Twenty some-odd years ago, I was promoted to detective. Among my other duties was that of Juvenile Officer. In my first twelve weeks as a juvenile officer, I received twelve cases of sexual abuse of children. That was three times more than I had encountered in the previous seventeen years of my career.
As the juvenile officer, I belonged to an organization of police juvenile officers, juvenile court personnel and civilian juvenile caseworkers. We held a meeting every month in the juvenile court/detention building. In one such meeting, we were honored with a guest speaker. Gena was a lovely women in her mid twenties. She stood up and told us about her experience as the victim of a family member’s sexual abuse from the age of seven until she was twelve.
In the first ten minutes of her talk, all us tough cops in the room were trying surreptitiously to wipe away our tears. There was not a dry eye in the room. Before she was done, we were all openly and unashamedly weeping.
This was the time of my life when I first began writing poetry. When I got home, using the parts of my notes that were legible, I wrote the poem Gena. It was from the heart and very raw, but other than cleaning up punctuation and spelling (spell check improved over the years), it is in its original organic form.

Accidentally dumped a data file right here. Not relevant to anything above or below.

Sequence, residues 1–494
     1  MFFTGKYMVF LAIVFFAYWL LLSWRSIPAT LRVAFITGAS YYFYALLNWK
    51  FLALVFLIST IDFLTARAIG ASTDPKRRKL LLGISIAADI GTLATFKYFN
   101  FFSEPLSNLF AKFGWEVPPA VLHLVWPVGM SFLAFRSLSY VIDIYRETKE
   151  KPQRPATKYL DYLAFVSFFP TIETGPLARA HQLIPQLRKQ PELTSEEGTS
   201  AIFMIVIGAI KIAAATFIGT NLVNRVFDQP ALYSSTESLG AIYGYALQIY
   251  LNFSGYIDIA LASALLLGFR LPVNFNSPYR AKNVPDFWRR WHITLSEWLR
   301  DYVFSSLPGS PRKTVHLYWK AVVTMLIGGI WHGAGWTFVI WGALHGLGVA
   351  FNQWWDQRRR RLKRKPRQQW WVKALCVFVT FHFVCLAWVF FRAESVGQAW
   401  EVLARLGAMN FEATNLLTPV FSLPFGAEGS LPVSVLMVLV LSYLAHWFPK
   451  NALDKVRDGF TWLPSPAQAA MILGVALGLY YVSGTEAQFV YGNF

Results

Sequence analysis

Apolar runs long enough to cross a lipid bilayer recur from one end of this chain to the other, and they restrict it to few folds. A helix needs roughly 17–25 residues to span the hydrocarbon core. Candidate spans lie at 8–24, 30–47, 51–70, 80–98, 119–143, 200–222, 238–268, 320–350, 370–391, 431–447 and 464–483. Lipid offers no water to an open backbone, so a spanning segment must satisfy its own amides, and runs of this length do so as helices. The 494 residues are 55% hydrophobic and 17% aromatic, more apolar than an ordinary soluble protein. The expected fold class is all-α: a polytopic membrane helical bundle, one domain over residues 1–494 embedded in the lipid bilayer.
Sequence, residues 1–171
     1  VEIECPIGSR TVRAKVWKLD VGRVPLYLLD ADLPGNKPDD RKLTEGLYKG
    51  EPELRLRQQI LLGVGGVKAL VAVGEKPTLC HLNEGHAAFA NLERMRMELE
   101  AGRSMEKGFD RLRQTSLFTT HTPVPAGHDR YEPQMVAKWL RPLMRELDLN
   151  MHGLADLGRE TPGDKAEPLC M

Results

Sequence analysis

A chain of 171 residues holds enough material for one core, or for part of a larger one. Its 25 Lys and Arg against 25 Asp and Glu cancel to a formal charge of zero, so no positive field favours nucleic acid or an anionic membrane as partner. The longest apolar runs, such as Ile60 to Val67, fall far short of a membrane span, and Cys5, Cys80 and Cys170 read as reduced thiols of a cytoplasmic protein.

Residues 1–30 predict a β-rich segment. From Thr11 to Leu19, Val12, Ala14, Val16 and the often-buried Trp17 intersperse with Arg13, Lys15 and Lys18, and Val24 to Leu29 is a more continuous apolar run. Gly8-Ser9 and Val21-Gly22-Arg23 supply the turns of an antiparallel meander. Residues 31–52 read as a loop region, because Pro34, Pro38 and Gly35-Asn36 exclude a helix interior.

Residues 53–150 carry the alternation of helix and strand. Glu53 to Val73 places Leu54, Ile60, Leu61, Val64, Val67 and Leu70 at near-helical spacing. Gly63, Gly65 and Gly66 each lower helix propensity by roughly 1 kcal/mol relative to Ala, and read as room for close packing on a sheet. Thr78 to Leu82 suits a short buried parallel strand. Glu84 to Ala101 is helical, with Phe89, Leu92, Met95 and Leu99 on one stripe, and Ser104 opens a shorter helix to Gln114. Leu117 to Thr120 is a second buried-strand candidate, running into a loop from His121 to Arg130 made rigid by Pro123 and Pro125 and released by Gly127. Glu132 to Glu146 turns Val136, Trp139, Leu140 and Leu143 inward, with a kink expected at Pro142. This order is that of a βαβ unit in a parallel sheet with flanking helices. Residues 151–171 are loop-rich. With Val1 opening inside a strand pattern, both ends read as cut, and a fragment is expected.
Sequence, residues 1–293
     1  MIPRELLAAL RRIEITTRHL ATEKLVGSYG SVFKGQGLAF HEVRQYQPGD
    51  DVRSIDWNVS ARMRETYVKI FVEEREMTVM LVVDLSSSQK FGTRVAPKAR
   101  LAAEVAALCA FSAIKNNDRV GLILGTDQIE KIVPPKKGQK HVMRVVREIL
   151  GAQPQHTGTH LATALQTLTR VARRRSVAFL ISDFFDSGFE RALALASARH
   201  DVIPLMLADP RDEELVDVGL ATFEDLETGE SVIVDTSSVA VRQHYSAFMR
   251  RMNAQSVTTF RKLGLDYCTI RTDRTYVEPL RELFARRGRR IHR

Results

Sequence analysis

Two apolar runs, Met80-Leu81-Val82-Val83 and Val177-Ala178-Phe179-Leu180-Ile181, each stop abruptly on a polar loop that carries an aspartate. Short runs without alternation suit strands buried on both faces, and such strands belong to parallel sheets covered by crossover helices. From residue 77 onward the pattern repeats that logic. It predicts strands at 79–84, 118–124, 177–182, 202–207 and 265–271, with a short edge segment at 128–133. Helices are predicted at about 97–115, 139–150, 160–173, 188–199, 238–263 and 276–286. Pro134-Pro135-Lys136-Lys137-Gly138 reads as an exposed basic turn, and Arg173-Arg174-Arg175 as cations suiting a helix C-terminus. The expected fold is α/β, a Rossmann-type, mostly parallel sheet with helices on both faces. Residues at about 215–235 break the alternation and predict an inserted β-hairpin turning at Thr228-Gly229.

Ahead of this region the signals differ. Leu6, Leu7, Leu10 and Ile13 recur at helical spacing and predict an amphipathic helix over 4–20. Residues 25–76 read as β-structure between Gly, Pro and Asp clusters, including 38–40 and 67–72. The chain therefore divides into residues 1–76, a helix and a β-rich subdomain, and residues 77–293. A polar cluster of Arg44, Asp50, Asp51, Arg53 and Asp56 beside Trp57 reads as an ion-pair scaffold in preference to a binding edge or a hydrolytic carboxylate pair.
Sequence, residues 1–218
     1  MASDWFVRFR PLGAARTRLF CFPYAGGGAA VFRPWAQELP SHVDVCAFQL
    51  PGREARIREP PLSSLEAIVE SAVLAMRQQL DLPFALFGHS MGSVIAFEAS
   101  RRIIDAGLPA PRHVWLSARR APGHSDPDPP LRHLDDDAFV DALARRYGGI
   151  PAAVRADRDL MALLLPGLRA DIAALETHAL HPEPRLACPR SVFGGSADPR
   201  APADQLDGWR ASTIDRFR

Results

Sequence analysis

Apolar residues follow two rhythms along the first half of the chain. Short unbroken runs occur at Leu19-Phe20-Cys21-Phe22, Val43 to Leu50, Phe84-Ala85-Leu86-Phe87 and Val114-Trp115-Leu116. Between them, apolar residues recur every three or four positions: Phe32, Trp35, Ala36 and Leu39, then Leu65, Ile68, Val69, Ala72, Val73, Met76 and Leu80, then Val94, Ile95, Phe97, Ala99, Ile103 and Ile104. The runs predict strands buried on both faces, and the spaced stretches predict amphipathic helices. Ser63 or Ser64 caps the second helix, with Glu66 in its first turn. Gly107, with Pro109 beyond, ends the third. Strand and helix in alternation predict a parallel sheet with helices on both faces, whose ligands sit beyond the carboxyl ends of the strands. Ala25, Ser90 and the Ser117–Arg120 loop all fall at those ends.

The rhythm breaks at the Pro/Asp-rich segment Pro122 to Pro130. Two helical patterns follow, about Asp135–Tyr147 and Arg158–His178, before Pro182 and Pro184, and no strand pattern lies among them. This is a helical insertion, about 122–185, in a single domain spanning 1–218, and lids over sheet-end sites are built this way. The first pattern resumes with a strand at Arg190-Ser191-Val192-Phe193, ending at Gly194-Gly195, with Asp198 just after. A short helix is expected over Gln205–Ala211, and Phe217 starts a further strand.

I gave a copy of the poem to the organization president. She passed it on to Gena. Gena sent me a nice thank-you note and said that I had “captured” that period of her life. I do not think so. I do not believe it is possible to capture Hell.
by Mike Patrick
Childhood’s shame of sex abuse
Is the scar of later years.
Remembered prayers that served no use,
That halted not the tears.
At first it was a promise
Of the love that kids desire,
Bound with silken, tight-weaved lies
From a man whom you admire.
No one asked the questions.
No one showed they cared
About this “friend’s” deceptions,
Or in silence, what he shared.
Threats were made of what you’d cause
By talking out of turn.
Of jail that follows broken laws
If anyone should learn.
Then is when the truth you find,
This thing is sick and wrong.
No one makes it stop; all are blind,
Children aren’t that strong.
To late learned, it’s all right to tell,
The damage had been done.
Only God heard the silent yell
That never saw the sun.
No adult was there to heed;
To bend and lend an ear.
Little ones, with tears or need,
More days pass in hidden shame
In a house that’s now a hell.
When he comes in and calls your name,
Nowhere to hide; your room’s a cell.
As time goes on, in your mind
A giant you create;
To lean upon and hide behind
And focus all your hate.
A gentle protector to take the place
Of those who won’t appear.
Who would stay around and help you face
The hopelessness and fear.
When at last you grow and break away,
A tainted life’s the cost.
Trust is gone, bad memories stay,
Innocence was lost.
It takes years for the pain to halt,
For time to dull its glow.
Years to learn it’s not your fault,
Learning things a child can’t know.
Childhood’s lessens aren’t forgot.
As an adult, again you’ll pay.
Fighting off the feelings taught,
When real love comes your way.
A loving touch can feel like dirt;
A kiss, like remembered sin.
A warm embrace brings back the hurt
And loathing for all men.
You’re not alone, you have to know,
To a special group do you belong.
And the gift that time does finally show?
The child did nothing wrong.